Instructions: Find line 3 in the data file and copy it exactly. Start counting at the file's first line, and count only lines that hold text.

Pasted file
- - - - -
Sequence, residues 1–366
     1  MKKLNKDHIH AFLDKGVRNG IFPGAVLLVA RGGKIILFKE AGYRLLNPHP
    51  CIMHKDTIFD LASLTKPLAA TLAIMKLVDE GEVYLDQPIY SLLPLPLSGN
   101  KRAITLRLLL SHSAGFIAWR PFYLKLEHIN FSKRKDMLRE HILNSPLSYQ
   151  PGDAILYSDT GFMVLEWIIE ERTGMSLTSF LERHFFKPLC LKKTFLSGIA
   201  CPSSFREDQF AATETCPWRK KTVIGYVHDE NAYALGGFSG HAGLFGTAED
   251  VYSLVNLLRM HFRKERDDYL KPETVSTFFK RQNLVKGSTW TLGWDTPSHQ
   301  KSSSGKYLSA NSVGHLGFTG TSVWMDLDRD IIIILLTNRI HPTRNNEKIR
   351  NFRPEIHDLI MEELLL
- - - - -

    51  CIMHKDTIFD LASLTKPLAA TLAIMKLVDE GEVYLDQPIY SLLPLPLSGN